Five Tips for Being Prepared for Supply Chain Disruption

Headshot of Jamie Suriano

One of the biggest fallouts of the COVID-19 pandemic is the corresponding disruption to the global supply chain. According to PMI’s Global Megatrends 2022 report, the pandemic exposed long-standing supply chain vulnerabilities — particularly overreliance on single-source vendors and suppliers — that ultimately “decimated port and shipping capacity, pushed transport costs to new highs, created massive shortages of goods and components, raised consumer prices and increased inflation.”

For project leaders across industries, this has caused significant delays and cost overruns that will continue to impact projects down the line. It has also placed significant urgency on ensuring that organizations are better prepared for future supply chain disruption — whether due to global events or more localized interruptions. 

These tips from project managers can help minimize supply chain risks. 

1. Be prepared to reprioritize. When major a disruption hits supply chains, project leaders must be willing to set aside current projects to focus on critical gaps. Such was the case for Laura Cocuzzi, PMP, manager, enterprise resource planning (ERP), Region of Peel, Ontario, and board vice chair, Supply Chain Management Association Ontario. When the pandemic hit, Cocuzzi and her team were planning for a new ERP system implementation. When the supply chain disruption began, however, the team had to pause that project to support their community.

Headshot of Laura Cocuzzi

“We have to first and foremost be there to provide services to our residents,” she said. “When we are in emergency management mode, we are focused on the fundamental services that need to continue during an emergency, such as ensuring paramedic support and critical personal protective equipment are available. We are dealing with the priorities of life and death.”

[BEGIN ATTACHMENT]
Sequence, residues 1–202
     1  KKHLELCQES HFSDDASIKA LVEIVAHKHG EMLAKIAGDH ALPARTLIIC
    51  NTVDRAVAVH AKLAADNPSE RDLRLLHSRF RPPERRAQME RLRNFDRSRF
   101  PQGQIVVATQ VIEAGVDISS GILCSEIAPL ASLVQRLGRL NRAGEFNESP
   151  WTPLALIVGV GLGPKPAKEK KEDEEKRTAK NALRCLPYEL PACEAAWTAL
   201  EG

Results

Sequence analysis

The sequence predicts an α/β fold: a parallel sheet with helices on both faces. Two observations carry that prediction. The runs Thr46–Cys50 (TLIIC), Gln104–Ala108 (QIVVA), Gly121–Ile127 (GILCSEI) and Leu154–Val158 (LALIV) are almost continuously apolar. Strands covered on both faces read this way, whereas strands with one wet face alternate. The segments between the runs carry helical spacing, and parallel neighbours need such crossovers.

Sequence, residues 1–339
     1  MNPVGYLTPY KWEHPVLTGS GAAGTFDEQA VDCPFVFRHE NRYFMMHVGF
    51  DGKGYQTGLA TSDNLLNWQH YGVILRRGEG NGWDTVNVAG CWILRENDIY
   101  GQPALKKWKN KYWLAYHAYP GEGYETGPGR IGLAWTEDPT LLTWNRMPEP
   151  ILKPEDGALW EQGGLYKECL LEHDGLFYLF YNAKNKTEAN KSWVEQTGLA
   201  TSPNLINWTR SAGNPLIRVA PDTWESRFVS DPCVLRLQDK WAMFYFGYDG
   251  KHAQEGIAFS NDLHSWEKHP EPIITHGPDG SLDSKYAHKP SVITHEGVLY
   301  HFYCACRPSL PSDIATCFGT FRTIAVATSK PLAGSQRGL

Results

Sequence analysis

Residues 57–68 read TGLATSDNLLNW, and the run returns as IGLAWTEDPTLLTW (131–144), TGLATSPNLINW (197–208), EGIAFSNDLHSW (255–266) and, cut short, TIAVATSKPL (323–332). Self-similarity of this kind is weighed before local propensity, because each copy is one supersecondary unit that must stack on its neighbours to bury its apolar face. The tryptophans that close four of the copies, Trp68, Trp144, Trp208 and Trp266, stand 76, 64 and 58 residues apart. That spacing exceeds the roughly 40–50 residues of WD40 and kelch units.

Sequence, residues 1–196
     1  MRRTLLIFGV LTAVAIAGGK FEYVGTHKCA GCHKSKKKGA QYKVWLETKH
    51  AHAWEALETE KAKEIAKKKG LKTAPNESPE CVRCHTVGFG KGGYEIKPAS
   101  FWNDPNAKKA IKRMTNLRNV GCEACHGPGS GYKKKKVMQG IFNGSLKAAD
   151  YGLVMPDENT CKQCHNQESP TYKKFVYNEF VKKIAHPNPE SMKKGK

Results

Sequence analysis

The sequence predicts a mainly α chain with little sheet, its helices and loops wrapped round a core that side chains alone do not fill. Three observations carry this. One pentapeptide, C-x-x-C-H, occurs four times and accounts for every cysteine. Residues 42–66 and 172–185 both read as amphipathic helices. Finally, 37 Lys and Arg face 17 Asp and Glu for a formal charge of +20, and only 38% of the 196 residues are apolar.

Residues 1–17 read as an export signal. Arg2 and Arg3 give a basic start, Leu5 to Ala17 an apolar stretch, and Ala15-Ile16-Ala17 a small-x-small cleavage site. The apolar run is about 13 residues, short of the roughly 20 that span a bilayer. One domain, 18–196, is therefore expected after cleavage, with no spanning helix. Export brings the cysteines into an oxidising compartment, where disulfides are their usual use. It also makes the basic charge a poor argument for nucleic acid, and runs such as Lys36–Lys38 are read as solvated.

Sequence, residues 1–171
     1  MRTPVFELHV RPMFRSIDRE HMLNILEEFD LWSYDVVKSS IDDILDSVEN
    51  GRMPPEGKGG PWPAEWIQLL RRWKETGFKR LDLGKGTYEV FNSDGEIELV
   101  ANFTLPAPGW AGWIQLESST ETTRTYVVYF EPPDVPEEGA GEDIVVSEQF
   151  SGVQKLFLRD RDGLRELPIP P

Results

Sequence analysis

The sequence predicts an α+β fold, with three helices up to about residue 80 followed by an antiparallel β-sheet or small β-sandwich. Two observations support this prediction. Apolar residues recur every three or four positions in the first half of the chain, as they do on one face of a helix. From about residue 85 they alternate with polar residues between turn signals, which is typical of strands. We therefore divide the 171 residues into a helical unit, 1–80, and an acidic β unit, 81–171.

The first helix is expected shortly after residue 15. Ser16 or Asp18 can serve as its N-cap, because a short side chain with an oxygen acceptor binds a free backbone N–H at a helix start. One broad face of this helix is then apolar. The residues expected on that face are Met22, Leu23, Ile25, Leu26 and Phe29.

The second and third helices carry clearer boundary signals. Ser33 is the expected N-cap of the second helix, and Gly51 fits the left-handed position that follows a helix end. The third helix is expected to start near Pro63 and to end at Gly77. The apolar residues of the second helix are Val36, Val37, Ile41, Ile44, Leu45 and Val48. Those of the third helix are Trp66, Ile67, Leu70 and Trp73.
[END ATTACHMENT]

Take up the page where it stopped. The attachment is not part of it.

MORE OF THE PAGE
“As an organization, we look at the business criticality of things. We need to ensure that our systems can fully function. We need to make sure people are getting paid. We go through the list and looking at things in terms of what may be less critical. If there are internal matters that we need to deal with, perhaps they might be reprioritized. We may also need to repurpose some of the staff to help support some of the critical community service needs and projects.” 

2. Note the fragile points. Cocuzzi recommends project teams take the time to learn from the supply chain disruption by documenting the weakest links in their supply chain. 

“We are still in recovery mode right now, but it’s a good time to analyze where the most fragile points are within your supply chain and within your commodities,” she said. “Then spend time planning to ensure that you always have contingencies for those specific fragile points in place. That may mean building relationships with additional vendors who can help when an interruption occurs, for example. 

“You also need to assess whether you are building and transferring unreasonable demands and risks to your vendors,” she said. “In this climate, many vendors are finding it difficult to hold pricing long term and honor contract obligations leading to vendors walking away or major interruptions.” 

As part of this lessons learned process, engage the people on your team or your project, including stakeholders and even suppliers themselves, to get a full perspective on weak spots and identify potential solutions.